Posted - May 2020 in Research Highlights
Amino acid deficiency found
Passing or permanent aggravation of symptoms in SPG9 HSP during pregnancy have been related to a deficiency of the amino acid citrulline in this study of a family over three generations, raising the possibility of treatment through supplementation. In the two cases of pregnancy studied, one was a severe, childhood-onset form with the other being mild and late-onset.
Introduction: The ALDH18A1 gene, encoding delta-1-pyrroline-5-carboxylate synthase (P5CS), is responsible for an autosomal recessive disease with severe developmental delay; more recently, ALDH18A1 was found to be responsible for SPG9, an autosomal dominant (AD) spastic paraplegia.
Case report: We report a three-generation family with AD SPG9, initially suspected because of low citrulline on fasting plasma amino acid chromatography (AAC). Interestingly, in two patients, the spastic paraplegia appeared during pregnancy. One subject presented a severe childhood-onset form while another subject had a mild late-onset disease.
Conclusion: The description of this family is of particular interest: it highlights the possibility of transient or permanent aggravation of spastic paraplegia due to SPG9 during pregnancy, suggesting a direct link between neurological symptoms and amino acid defect in a period of higher requirements and the potential benefit of amino acid supplementation; it underscores the value of plasma citrulline on fasting plasma AAC as a biomarker for this disease; it shows the variable expression of the disease.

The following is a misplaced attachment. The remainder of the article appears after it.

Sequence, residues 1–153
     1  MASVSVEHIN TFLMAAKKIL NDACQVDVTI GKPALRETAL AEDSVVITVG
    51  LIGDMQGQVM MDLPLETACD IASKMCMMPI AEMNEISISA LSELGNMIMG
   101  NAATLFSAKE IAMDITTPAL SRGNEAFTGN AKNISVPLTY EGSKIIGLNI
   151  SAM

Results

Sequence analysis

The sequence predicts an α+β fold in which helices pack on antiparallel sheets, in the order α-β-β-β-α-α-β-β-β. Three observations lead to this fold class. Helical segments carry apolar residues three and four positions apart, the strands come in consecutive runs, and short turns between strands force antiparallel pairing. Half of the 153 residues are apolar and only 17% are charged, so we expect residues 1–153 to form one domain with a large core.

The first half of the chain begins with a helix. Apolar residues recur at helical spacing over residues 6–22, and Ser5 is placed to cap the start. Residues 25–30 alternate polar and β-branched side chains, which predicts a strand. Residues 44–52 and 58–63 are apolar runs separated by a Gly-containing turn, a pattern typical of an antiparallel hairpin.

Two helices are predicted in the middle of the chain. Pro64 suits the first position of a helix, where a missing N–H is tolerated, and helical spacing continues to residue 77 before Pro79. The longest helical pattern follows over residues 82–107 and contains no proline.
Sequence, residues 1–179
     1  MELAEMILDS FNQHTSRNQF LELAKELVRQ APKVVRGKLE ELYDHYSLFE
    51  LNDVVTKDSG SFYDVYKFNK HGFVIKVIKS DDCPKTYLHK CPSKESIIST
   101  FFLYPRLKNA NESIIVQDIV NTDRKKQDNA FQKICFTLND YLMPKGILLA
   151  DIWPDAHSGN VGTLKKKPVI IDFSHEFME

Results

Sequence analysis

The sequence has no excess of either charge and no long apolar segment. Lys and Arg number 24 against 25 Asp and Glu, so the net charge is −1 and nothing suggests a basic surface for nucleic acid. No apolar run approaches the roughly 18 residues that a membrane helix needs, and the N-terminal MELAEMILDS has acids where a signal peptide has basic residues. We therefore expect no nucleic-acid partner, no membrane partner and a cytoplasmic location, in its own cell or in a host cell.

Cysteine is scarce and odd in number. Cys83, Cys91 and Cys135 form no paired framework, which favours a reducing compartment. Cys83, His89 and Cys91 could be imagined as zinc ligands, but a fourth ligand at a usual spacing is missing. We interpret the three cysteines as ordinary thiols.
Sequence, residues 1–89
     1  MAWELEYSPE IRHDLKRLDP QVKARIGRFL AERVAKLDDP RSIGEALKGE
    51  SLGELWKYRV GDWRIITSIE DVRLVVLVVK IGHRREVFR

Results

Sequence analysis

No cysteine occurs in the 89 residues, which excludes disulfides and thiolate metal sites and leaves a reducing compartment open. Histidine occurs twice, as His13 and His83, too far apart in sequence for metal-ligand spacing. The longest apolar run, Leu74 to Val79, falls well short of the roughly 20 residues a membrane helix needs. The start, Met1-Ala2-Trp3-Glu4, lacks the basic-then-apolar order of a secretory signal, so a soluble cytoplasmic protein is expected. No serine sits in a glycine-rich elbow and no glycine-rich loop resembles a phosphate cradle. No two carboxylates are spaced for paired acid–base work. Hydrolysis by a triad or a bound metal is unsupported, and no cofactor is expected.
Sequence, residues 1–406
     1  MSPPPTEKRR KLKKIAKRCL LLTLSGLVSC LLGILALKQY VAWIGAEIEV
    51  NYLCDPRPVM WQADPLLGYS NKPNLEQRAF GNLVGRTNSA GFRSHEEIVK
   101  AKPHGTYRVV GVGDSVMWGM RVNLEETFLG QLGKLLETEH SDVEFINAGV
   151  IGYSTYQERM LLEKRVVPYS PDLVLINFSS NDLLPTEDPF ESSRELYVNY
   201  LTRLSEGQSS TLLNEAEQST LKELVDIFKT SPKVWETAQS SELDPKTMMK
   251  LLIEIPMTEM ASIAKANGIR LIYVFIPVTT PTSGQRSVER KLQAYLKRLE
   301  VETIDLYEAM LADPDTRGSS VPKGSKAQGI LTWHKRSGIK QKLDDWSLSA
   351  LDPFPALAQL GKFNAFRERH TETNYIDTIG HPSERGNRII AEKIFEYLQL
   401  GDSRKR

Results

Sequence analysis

SOURCE: Neurol Sci. 2020 Mar 28. doi: 10.1007/s10072-020-04341-5. Online ahead of print.PMID: 32221810
Autosomal dominant SPG9: intrafamilial variability and onset during pregnancy.
1 Department of Neurology, Expert Centre for Neurogenetic Diseases and Adult Mitochondrial and Metabolic Diseases, Gui de Chauliac University Hospital Montpellier, 80, Avenue A Fliche, 34295, Montpellier, France.
2 Laboratoire de Génétique de Maladies Rares EA7402, Institut Universitaire de Recherche Clinique, Université de Montpellier, Montpellier, France.
3 Inserm U1198 MMDN, Montpellier, France.
4 Biochemistry Laboratory, Lapeyronie Hospital, Montpellier, France.
5 PhyMedExp, INSERM, CNRS, CHU de Montpellier, Université de Montpellier, Montpellier, France.
6 Hôpital de la Cavale Blanche, Service d’Explorations Fonctionnelles Neurologiques, CHRU de Brest, 29609, Brest, France.
7 Institut Universitaire de Recherche Clinique, Laboratoire de Génétique de Maladies Rares EA7402, Laboratoire de Génétique Moléculaire, University Hospital, Université de Montpellier, Montpellier, France.
8 Service de Neurologie, CHU de Nantes, Nantes, France.
9 Expert Center for Motor Neuron Diseases, Explorations Neurologiques, CHU and Université de Montpellier, Montpellier, France.
10 Service de Genetique Clinique, CHRU Morvan, 29609, Brest, France.